During their marriage, Woody Allen's career in the film industry was starting to take off. However, this didn't intimidate Louise Lasser, who at the time was not as well known as her husband. In fact, she found it inspirational to be married to someone as talented as Allen, telling Interview Magazine, "I love his work. That relationship was a very influential relationship, on every level. It's interesting to see that. I'll forever be influenced by his work. A lot of my best work comes from his work. Some meaning and some not even meaning to."

While Lasser's marriage to Allen had a positive effect on her creatively, it was a difficult time for her personally as not only did her parents break up around the time they got married, but her mother also died from suicide (via The Toast). It was a period that, although very dark, Lasser didn't fully process until years later, telling the outlet that "it's more traumatic now than it was then. I guess you're not thinking then, do you know what I mean?"

If you or anyone you know is having suicidal thoughts, please call the National Suicide Prevention Lifeline by dialing 988 or by calling 1-800-273-TALK (8255)​.


Louise Lasser and Woody Allen eventually divorced after only a few years of marriage, but the dissolution of their relationship took longer; Lasser tells The Toast that they remained close even as the marriage began to fall apart, and that their romance didn't completely end until sometime after they officially got divorced. In fact, even after the two had split, Allen cast her in his films "Bananas," "Take the Money and Run," and "Everything You Always Wanted to Know About Sex."

Lasser's career started to take off after her divorce from Allen, but the two remained on good terms, and Allen's positive influence on Lasser stayed with her for years afterward. She told The New York Times, "He's been a tremendous influence — but it's been the influence to make me be me. He's always said to me, 'If you just go out there and be yourself and do what it is you do comfortably, that's going to be terrific.' He gave me that kind of confidence. I remember the day he said, 'I do jokes. Your comedy is attitude.'"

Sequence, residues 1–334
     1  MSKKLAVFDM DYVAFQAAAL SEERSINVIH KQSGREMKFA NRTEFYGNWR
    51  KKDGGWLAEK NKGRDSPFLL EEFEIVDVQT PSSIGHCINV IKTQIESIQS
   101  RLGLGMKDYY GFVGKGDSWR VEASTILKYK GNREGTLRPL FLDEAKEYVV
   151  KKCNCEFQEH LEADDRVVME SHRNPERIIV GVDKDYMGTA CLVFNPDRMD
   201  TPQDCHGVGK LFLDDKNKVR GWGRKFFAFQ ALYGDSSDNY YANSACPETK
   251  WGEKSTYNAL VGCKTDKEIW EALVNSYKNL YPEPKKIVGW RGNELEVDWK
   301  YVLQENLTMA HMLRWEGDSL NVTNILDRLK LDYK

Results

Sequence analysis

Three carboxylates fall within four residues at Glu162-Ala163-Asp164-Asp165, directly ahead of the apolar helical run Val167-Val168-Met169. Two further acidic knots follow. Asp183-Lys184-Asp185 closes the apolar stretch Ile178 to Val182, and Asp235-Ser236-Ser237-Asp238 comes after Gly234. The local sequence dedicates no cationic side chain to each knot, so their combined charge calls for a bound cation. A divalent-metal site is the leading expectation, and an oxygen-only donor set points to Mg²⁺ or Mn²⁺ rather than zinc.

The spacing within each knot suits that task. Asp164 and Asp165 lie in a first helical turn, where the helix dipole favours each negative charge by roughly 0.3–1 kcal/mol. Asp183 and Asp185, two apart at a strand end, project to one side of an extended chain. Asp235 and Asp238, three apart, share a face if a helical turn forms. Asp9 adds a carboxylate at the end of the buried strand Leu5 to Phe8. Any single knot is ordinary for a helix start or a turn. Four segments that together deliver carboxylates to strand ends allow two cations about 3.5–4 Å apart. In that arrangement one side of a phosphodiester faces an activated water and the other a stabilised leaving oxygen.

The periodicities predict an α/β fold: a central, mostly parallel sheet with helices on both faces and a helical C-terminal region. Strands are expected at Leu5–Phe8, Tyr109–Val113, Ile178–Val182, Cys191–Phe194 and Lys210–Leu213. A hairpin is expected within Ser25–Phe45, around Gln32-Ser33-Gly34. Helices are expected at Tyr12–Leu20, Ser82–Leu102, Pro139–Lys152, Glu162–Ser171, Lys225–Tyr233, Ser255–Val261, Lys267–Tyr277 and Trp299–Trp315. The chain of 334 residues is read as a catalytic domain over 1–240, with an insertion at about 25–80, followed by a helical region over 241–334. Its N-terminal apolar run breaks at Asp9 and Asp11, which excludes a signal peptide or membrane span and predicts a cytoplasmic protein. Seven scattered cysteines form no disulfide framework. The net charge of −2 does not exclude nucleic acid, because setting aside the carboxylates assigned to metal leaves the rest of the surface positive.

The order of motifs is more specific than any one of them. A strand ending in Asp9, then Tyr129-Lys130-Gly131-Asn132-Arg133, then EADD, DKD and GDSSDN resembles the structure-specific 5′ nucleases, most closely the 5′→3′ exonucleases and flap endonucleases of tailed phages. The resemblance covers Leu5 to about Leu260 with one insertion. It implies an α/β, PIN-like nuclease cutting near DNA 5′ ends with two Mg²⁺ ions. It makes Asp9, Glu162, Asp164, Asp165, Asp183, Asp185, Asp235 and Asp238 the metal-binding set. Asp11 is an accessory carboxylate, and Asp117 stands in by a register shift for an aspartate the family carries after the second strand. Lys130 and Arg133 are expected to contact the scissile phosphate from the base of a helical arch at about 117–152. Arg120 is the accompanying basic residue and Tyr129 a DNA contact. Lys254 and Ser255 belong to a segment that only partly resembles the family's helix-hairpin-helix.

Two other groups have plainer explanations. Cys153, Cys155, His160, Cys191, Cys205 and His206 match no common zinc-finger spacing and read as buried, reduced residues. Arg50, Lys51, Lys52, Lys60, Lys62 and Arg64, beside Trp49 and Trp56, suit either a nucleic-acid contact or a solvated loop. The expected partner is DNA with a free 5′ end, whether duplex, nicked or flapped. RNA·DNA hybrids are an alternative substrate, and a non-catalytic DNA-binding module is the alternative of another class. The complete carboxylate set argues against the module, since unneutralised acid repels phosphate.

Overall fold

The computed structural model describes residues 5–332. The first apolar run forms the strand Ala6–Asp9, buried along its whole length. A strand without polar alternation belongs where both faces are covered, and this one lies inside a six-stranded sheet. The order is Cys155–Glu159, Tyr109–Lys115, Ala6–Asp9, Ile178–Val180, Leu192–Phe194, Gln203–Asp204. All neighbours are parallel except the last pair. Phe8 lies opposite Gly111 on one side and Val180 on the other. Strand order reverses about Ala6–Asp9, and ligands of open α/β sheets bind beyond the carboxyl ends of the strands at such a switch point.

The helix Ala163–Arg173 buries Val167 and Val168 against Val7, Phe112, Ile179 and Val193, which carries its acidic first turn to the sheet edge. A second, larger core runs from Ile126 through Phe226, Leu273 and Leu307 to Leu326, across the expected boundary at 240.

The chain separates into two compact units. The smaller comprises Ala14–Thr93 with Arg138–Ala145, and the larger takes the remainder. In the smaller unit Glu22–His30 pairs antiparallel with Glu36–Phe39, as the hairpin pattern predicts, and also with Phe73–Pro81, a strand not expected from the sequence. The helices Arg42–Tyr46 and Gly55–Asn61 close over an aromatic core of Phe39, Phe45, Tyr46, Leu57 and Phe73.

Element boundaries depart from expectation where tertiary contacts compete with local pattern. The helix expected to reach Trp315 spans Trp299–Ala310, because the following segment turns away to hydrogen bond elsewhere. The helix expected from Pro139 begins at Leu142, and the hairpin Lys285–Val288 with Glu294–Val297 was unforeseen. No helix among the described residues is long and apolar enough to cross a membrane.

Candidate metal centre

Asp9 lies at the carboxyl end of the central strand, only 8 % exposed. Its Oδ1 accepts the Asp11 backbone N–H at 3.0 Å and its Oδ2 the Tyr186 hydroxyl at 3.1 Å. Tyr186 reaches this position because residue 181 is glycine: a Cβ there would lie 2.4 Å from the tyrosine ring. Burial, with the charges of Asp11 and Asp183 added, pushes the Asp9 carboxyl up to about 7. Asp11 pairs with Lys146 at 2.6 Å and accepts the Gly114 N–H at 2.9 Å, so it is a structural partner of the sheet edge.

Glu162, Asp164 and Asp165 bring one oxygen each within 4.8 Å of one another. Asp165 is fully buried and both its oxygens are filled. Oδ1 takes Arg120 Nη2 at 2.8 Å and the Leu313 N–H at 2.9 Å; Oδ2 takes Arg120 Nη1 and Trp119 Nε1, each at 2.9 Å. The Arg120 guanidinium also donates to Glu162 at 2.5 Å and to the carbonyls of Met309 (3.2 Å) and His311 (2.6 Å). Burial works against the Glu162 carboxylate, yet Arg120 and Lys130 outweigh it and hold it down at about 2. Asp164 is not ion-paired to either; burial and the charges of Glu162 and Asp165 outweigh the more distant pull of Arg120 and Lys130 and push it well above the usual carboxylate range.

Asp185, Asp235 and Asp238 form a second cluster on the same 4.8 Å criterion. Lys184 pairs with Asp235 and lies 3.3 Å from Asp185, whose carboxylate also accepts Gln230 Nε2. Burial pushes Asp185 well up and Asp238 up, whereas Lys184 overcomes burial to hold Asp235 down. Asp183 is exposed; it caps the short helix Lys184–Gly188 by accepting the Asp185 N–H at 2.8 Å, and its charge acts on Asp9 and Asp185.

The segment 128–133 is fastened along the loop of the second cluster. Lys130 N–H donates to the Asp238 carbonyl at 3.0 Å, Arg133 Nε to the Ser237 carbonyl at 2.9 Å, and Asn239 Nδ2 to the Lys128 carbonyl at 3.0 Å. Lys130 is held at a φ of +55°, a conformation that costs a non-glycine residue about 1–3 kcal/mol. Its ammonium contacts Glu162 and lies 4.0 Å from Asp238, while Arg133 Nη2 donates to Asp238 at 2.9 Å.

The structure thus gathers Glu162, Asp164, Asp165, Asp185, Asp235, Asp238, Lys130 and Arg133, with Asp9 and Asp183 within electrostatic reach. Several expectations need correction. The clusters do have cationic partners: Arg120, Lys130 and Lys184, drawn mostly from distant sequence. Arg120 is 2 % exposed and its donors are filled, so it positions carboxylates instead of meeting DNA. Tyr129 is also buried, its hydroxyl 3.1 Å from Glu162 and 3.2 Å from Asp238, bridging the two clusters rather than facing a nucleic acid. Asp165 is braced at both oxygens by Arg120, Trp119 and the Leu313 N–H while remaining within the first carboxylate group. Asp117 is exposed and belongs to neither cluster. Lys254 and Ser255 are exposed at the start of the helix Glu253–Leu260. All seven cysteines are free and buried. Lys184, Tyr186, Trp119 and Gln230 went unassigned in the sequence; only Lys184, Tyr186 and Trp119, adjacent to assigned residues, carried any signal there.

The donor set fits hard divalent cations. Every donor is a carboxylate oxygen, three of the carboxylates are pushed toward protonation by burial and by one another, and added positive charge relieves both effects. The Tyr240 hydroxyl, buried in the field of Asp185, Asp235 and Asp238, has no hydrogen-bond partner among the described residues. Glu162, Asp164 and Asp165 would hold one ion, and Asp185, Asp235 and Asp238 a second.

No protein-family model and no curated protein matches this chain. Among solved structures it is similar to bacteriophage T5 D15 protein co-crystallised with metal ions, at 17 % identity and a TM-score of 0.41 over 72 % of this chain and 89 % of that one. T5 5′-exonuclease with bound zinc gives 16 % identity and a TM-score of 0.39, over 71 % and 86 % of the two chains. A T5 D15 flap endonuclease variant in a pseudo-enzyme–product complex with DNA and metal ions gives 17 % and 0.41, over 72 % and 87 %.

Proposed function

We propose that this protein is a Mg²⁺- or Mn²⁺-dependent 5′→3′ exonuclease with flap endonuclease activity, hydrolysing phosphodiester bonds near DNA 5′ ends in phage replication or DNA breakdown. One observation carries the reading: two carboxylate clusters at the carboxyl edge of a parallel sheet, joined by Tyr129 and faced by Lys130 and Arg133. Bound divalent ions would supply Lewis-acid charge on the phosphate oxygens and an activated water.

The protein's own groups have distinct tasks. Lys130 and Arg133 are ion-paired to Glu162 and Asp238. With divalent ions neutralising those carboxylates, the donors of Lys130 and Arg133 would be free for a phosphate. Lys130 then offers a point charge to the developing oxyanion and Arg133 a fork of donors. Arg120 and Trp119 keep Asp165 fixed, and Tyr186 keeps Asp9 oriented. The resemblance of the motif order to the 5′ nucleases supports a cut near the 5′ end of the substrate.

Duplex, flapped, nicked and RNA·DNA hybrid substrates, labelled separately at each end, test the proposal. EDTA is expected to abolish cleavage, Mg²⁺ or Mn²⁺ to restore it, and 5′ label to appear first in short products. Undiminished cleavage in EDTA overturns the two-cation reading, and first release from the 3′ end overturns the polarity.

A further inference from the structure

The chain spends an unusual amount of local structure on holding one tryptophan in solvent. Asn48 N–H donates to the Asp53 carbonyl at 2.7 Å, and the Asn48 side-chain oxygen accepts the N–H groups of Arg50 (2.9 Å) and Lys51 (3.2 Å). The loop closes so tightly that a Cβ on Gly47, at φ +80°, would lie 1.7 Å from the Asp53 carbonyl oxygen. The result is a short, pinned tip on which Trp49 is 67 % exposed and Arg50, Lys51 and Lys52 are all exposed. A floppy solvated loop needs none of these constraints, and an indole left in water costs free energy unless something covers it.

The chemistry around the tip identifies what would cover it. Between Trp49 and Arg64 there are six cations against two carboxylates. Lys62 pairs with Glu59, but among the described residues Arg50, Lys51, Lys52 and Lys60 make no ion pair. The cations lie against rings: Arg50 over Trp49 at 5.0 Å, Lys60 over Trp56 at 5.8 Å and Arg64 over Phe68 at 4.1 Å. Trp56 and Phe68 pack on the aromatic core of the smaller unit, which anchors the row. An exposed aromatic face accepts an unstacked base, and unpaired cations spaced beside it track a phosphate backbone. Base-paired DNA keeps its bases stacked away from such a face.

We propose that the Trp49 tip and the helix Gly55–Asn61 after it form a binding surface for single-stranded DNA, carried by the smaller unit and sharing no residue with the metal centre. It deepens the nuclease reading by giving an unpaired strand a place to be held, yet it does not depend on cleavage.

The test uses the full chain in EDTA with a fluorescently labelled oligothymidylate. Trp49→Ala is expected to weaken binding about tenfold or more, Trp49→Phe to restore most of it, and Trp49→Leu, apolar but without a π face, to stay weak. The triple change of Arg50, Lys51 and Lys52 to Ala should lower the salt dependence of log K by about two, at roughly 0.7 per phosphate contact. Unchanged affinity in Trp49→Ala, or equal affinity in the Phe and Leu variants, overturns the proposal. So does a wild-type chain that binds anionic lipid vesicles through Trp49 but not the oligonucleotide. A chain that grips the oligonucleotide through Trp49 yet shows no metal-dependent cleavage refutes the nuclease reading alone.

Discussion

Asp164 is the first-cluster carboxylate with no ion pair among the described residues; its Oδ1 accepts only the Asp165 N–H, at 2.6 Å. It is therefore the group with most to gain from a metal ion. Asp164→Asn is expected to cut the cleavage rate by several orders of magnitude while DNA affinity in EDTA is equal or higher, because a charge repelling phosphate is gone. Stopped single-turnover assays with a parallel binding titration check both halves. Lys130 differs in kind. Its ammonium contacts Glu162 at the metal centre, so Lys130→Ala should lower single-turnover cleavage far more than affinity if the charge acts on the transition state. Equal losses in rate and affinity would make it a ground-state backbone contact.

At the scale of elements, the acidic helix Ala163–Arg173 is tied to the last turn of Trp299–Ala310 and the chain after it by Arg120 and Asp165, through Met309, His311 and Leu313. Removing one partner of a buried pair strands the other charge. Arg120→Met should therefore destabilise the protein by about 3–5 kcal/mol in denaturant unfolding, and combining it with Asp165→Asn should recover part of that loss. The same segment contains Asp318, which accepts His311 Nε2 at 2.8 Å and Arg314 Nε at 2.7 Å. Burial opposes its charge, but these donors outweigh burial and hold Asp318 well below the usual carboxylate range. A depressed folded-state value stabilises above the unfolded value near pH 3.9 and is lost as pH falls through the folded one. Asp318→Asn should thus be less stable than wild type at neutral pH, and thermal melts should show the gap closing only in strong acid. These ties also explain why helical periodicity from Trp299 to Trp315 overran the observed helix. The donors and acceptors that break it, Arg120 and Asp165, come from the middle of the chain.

Louise Lasser's later career

Louise Lasser has had a steady career in the entertainment industry ever since her marriage to Woody Allen ended. "Mary Hartman, Mary Hartman" remains the project that she's most famous for today — it garnered her a Primetime Emmy Award nomination — but she has continued to appear in a wide variety of TV and film projects. She's been seen in the sitcom "It's a Living," Todd Solondz's "Happiness," Darren Aronofsky's "Requiem for a Dream," and several episodes of Lena Dunham's "Girls."

While Lasser and Allen's careers have gone in very different directions following their marriage, they still remain in contact, albeit far less than in previous years. Lasser told The Toast, "We speak not that often, but he usually invites me to come at Thanksgiving. They live a block away. And I've gone a few times. But it's all different. And your life goes different ways. It was such a strong part of my life, so public, in a sense, that you don't just put it away, like, 'oh, when I went out with so-and-so.'"